To ask Her Majesty’s Government, following publication of the report of the Commissioner for Public Appointments on appointments to the Board of the Office for Students, what steps they are taking to ensure that future appointments made by ministers to the boards of public bodies are in line with the Governance Code 2016.
My Lords, the Governance Code on Public Appointments was introduced in January 2017. Ministers are required to make appointments in accordance with the code as well as the relevant legislation. The Commissioner for Public Appointments provides independent assurance that the governance code is followed. The Government are grateful for the commissioner’s report on the appointments process to the board of the Office for Students. We will consider his recommendations carefully to ensure best practice for future public appointments.
My Lords, in addition to his department’s lamentable performance over the appointment of Mr Toby Young, the commissioner’s report identified a number of problems which relate to many public appointments. They include all-male appointment panels, failure to provide information to the commissioner in good time and risking, as he said, the independence of boards by a too-partisan approach to appointments. The Minister referred to the code. What is the point of the code if Ministers such as Jo Johnson can ignore it with impunity? What action will be taken against Mr Johnson for so grievously breaking the code?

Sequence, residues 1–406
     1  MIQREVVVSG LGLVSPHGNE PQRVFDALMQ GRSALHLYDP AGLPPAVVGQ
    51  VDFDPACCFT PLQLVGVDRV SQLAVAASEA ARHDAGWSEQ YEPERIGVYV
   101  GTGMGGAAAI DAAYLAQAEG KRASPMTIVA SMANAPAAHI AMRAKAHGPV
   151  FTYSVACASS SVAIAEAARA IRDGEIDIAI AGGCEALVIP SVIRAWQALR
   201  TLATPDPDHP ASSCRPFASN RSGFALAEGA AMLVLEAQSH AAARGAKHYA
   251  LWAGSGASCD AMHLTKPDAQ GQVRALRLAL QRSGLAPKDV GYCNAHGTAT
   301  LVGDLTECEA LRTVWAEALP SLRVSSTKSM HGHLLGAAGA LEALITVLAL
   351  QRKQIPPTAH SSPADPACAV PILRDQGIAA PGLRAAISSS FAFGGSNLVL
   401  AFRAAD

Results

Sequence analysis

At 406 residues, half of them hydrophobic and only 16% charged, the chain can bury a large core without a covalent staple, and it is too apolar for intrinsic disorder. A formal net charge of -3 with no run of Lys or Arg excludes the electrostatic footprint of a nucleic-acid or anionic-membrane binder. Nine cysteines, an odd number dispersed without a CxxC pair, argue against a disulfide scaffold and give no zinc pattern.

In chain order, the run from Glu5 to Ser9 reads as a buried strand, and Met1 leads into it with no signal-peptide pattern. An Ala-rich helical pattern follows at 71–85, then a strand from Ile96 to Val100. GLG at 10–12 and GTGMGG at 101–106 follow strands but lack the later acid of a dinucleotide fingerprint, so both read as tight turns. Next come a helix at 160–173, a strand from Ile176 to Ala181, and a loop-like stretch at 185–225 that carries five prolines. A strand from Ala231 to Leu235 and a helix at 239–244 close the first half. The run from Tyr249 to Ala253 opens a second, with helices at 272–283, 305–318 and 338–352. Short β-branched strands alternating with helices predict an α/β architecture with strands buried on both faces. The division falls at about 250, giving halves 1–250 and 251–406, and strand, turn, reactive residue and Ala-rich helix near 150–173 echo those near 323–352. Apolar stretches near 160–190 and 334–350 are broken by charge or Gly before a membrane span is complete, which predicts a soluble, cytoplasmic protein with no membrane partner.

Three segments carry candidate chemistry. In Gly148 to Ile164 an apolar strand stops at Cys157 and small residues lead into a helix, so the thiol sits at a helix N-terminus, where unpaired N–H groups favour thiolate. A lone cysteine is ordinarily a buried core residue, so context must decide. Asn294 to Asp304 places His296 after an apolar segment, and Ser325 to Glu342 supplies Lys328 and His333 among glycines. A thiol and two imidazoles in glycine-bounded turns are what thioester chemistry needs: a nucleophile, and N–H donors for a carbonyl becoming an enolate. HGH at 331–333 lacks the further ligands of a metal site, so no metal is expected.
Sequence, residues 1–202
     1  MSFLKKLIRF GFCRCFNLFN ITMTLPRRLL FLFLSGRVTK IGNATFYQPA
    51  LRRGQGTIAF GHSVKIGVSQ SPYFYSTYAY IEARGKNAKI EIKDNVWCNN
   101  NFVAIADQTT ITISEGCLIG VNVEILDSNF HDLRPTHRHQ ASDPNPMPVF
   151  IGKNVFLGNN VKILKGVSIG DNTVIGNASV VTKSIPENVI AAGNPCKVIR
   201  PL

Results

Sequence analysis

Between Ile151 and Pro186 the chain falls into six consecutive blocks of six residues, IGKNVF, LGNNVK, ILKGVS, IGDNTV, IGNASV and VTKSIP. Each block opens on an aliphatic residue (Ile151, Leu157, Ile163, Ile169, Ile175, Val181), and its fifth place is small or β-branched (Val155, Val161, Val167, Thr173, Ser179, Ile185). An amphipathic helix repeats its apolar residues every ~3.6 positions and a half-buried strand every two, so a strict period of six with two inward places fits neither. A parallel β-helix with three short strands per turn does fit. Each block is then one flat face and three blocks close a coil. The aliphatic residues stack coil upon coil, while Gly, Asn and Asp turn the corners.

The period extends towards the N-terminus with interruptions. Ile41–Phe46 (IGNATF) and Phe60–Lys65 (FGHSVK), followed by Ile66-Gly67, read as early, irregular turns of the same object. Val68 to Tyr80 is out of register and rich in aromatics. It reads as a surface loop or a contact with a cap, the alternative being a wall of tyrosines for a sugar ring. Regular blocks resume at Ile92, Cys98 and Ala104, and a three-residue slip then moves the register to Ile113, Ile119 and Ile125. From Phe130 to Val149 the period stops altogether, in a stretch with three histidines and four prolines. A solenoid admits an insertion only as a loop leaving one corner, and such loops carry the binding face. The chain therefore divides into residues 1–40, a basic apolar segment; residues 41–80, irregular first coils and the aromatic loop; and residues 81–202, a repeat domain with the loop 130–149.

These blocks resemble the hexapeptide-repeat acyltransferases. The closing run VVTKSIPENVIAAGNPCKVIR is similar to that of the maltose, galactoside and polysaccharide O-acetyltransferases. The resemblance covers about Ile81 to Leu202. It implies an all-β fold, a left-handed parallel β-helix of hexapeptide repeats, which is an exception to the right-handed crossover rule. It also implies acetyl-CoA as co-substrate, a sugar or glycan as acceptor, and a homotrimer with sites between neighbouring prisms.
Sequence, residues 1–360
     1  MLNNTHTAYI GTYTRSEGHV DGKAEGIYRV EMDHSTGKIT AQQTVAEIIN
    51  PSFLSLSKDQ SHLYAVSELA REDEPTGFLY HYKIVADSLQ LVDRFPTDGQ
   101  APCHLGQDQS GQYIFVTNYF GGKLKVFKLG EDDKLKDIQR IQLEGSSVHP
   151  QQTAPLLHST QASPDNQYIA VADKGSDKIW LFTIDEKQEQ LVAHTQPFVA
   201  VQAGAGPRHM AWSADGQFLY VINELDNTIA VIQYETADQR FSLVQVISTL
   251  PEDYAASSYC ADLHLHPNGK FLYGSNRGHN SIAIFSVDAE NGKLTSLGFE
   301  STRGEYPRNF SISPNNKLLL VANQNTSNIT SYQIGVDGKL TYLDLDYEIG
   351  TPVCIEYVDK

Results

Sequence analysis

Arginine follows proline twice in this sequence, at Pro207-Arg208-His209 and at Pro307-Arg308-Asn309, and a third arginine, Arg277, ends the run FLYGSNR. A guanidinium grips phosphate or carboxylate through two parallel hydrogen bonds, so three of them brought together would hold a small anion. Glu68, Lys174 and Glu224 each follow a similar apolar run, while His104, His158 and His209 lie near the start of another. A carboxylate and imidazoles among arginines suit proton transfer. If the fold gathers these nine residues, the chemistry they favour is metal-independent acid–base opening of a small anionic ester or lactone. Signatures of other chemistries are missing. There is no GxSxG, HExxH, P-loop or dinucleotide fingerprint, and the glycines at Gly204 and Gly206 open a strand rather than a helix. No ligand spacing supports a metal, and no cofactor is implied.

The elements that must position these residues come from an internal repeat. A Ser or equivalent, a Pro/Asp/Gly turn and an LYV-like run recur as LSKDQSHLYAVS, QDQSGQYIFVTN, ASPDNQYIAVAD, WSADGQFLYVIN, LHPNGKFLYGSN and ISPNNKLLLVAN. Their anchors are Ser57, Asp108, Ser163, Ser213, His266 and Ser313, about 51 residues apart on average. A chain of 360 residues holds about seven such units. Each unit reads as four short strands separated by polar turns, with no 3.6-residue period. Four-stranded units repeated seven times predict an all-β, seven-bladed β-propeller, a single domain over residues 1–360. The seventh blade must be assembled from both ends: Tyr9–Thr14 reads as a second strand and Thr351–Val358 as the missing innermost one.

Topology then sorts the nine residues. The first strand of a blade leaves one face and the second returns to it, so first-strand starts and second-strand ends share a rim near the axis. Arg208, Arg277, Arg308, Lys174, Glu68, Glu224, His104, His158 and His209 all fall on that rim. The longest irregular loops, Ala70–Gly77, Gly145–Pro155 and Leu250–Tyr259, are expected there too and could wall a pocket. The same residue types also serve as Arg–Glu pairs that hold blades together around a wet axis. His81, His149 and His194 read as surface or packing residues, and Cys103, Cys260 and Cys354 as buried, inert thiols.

There is no evidence that the Minister broke the ministerial code. In terms of the governance code, there are some failings and the noble Lord will be aware of those. This Government set up the governance code following the independent review by Sir Gerry Grimstone and I am pleased that that is the case. The commissioner himself pointed out that in his experience, this episode is unrepresentative of the hundreds of public appointments that take place each year.
I appreciate what my noble friend says but I am not going to be drawn into that because the issue at hand is what we are doing about these issues. We are taking action. We recognise the need to learn from this campaign and accept that our due diligence for Toby Young was not extensive enough. We are reviewing our due diligence and the Department for Education has established, as I said earlier, a nominations committee.
My Lords, I am sure the Minister will accept that the argument, “Well, you lot were as bad as we are,” is not one of the best defences one could offer. Given that this Government are committed both to greater transparency in government and to restoring parliamentary sovereignty, is it not time to consider that at least the chairs of public bodies appointed by the Government ought to be confirmed by parliamentary committees? To take a clear example, I can recall that successive appointments to the chair of the Charity Commission, under both Labour and Conservative Governments, have been challenged and deeply controversial. There is going to be unavoidable controversy in such an area, and it would be appropriate to lessen the partisanship of the criticism by submitting such appointments to the approval of a parliamentary committee.